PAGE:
Report of call database sharpens focus on surveillance

If a U.S. government spy agency is indeed amassing a colossal database of Americans' phone records, as was reported Thursday, one way to use all that information is in "social network analysis," a data-mining method that aims to expose previously invisible connections among people.

Social network analysis has gained prominence in business and intelligence circles under the belief that it can yield extraordinary insights, such as the fact that people in disparate organizations have common acquaintances.

Versions of the technology power friend-of-a-friend networking Web sites. Companies can buy social networking software to help determine who has the best connections for a particular sales pitch. In an influential 2002 project, a researcher applied network analysis to public information to map the organizational methods of the Sept. 11 hijackers.

So it did not surprise many security analysts to learn Thursday from USA Today that the National Security Agency is applying the technology to billions of phone records.

"Who you're talking to often matters much more than what you're saying," said Bruce Schneier, a computer security expert and author of "Beyond Fear: Thinking Sensibly About Security in an Uncertain World."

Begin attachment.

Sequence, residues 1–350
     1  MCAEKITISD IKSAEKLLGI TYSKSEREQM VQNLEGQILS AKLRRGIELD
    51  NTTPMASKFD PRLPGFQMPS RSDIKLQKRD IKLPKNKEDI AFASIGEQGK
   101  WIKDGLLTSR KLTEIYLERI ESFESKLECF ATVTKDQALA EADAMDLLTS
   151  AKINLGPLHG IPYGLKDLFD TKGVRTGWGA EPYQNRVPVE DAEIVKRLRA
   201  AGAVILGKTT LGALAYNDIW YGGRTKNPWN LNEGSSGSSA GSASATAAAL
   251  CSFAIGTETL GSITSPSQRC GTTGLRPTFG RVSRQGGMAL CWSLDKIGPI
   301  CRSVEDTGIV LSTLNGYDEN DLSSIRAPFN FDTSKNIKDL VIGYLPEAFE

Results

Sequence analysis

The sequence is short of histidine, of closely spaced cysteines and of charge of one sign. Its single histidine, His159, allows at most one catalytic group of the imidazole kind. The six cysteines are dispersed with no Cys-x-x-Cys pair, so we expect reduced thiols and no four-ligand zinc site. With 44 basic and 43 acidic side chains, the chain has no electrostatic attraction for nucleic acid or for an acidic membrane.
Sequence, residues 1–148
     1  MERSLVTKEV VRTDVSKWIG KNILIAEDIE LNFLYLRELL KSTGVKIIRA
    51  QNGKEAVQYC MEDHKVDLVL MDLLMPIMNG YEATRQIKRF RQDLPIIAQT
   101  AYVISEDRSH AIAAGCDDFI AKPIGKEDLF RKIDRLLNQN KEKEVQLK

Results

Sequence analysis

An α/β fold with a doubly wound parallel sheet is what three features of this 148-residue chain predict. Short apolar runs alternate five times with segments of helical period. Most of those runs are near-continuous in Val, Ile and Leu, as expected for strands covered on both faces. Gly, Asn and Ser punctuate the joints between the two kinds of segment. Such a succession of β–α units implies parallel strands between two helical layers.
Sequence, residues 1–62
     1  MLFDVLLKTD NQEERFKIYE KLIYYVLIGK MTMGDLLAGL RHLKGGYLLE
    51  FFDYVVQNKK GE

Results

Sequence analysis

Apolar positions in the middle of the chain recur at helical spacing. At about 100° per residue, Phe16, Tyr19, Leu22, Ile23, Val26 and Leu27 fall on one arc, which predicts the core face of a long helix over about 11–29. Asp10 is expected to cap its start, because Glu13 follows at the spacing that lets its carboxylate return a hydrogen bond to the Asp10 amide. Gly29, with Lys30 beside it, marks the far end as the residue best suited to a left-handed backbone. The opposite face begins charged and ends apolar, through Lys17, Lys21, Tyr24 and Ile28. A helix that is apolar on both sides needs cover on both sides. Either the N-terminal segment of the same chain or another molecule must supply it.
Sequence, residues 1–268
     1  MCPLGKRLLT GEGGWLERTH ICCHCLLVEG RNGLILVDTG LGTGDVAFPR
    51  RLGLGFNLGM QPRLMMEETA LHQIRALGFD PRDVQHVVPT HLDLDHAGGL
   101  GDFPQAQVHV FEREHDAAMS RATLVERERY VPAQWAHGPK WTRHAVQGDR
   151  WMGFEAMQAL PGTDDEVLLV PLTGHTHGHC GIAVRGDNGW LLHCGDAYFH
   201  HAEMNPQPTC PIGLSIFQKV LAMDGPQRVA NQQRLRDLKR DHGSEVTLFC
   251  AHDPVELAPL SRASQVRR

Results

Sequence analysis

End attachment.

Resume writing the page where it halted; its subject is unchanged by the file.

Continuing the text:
But he and other experts said it would be naive to think the NSA is content to assemble such a picture only from landline phone records. Other forms of communication, including cell phone calls, e-mails and instant messages, likely are trackable targets as well.

To be sure, monitoring newer communications services is probably harder than simply getting billing records from landline phones. USA Today reported Thursday that the NSA has collected call logs from the three largest U.S. phone companies, BellSouth Corp., AT&T Inc. and Verizon Communications Inc.

That level of cooperation confirmed the fears of many privacy analysts, who pointed out that AT&T is already being sued in federal court in San Francisco for allegedly giving the NSA access to contents of its phone and Internet networks. The charges are based on documents from a former AT&T technician.

It remains unclear whether other communications providers have been asked for their call logs or billing records.

Only Verizon Wireless spokesman Jeffrey Nelson definitively said his company was "not involved in this situation." His counterparts at Cingular an AT&T/BellSouth joint venture and Sprint Nextel Corp. were less explicit and did not deny any participation.

Even without cell phone carriers' help, of course, calls between wireless subscribers and Verizon, AT&T and BellSouth landlines presumably would be captured, reports AP.


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